Have you ever tried counting down your breaths, in order to get to sleep?
Turning off the mind is one key way to finally getting some sleep. But many of us are unable – and sometimes conflictingly unwilling – to do so once we’ve made it into bed.
Oftentimes, we know that turning off the mind is boring, feels unproductive, and sometimes we just simply “can’t” do it.
Not only that, but adding insult to injury, we feel stressed and anxious about this inability or unwillingness to just let go and let ourselves fall asleep – increasing our heart rate and speed of shallow breaths – thus, compounding our anti-sleep state.
Counting Sheep For Sleep?
One solution to this (arising from childhood stories, cartoons or other folklore) is sheep counting, with or without producing in the mind’s eye the image of fuzzy furred ‘baa-sheep’ jumping over or out of something … sometimes even off the edge of a cliff, when we’re feeling particularly ungenerous to our own selves. (If you click the “sheep counting” link above, scroll down half way for a minor discussion, along with a bit of humorous commentary on the origins of the phrase “counting sheep”).
But how often does this actually work when getting oneself to fall asleep?
To overcome some of the flaws in the ethereal sheep counting technique, it is highly advisable to simply count oneself down to sleep. For those of us particularly challenged with a busy-body mind and propensity towards anxiety, an added dose of well-timed and sufficiently deep breaths may be necessary.
Silently counting down from 100 – with or without the breath component – is not rocket science. However, as with rocket science, even the simplest techniques work better when somewhat understood and incrementally perfected.
Understanding and Perfecting Counting Down Your Breaths for Sleep
To start, let go of perfection.
Prepare to count down your breaths with a relaxed and open mind, believing that it will work, but not getting stressed over the fact that it sometimes might not. This does tend to work on the self-fulfilling prophecy principle.
How and Why Does Counting Backwards Work?
An end in sight
When counting down your breaths, you know that there is an end to the exercise. If you are still not asleep by the time you reach 1, you can try something else – it is not an infinite exercise that feels futile from the start.
Dissipate, not stimulate
Unlike counting sheep, where counting up stimulates the mind, counting down actually relaxes the mind. This works on the simple self-hypnosis principle, with a more involved Sleep Control Technique taught in the world-renowned Silva Method seminars.
Prime the mind, but just a little
While being relaxing, counting backwards in the correct order requires just enough concentration to keep out other thoughts that can otherwise keep the mind busy and unable to fall asleep – you can’t really do both, count backwards and think about something else. Some people find the added challenge of counting down by 3’s from 300 more suited to their mind’s attention requirements.
Process over content
To reduce anxiety over losing one’s place in the backward count, it is important to prioritize in one’s mind the process of the count over the exactness of the count – it doesn’t really matter that you lose your place if your mind drifts off into some busy thoughts as long as you bring it back to some number in the count, roughly to where you last remember being, and continue from there. No need to restart from 100 every time, as that defeats the “end in sight” idea.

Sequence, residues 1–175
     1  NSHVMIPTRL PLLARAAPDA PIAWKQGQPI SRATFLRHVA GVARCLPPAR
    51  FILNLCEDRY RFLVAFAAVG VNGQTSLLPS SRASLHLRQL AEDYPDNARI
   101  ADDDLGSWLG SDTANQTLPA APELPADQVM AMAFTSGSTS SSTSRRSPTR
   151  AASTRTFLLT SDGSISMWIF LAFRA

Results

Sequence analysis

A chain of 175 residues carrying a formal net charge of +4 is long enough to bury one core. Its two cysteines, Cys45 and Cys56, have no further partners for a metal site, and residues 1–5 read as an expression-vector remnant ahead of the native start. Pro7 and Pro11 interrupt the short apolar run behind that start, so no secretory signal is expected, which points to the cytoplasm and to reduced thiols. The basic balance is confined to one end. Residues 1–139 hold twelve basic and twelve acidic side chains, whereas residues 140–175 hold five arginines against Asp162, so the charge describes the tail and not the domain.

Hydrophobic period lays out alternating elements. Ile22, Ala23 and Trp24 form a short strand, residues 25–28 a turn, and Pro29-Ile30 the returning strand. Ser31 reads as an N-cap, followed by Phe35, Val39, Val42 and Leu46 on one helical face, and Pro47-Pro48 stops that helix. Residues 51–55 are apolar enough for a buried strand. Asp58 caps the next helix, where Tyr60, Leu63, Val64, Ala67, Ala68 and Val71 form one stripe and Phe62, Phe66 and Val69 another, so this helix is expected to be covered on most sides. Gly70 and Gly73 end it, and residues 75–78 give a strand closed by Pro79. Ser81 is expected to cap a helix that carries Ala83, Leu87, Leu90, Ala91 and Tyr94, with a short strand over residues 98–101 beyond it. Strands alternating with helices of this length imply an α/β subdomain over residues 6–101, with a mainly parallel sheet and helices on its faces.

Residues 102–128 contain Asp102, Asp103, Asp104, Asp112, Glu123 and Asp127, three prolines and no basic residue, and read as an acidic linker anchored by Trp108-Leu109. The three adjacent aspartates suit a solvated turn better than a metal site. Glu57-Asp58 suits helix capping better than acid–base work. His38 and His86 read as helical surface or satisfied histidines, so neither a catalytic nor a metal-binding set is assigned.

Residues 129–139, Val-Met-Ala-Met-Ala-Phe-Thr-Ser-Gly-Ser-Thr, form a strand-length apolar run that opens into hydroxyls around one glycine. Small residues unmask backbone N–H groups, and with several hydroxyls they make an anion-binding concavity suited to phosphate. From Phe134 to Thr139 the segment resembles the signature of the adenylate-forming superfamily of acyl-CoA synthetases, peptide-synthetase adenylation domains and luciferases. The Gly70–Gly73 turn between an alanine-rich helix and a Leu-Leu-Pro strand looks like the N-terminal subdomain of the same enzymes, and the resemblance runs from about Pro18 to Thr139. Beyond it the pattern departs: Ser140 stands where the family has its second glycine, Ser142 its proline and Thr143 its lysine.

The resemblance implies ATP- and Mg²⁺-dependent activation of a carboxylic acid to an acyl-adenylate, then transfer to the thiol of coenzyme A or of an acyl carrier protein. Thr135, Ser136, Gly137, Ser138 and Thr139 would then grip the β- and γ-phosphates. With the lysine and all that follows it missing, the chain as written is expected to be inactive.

Kick It Up A Notch Using Your Breath
Your breathing in and of itself induces a state of relaxation when it is deep and intentional. Deep intentional breathing physically induces an anti-anxiety response while also quieting the mind.
Incorporating a deep breath on every count deepens the relaxation and gives busy-minded people an additional process to simultaneously focus on – something physical to add to the mindful technique.
Increasing the depth and length of each breath tends to simulate the asleep breath pattern, bringing the body physically closer to the state of sleep.
Incorporating the breath on each count also slows down the count, giving the mind sufficient time to turn off and enter the sleep state before reaching 1 in the count down.
Breathing ‘not too fast and not too slow, but just right’ creates the right balance between the agitation of going through the motions of speed counting and the boredom that lets the mind slip back into busy thoughts.
The just right speed results in the relaxation that brings on sleep. Breathing in on the first part of the number and out on the second tends to generate the right balance – for example, on counting …92, 91, 90… breathe in on ninety – and breathe out on – two, breathe in on ninety – and breathe out on – one, breathe in on nine- and breathe out on – two…zzzzz…..
Use the ‘counting down your breaths for sleep’ technique when first going to bed, and if staying asleep is also a challenge, apply this technique multiple times in a night if awakened before it is time to get up.
Now, relax and count down your breaths for a nice sound sleep.
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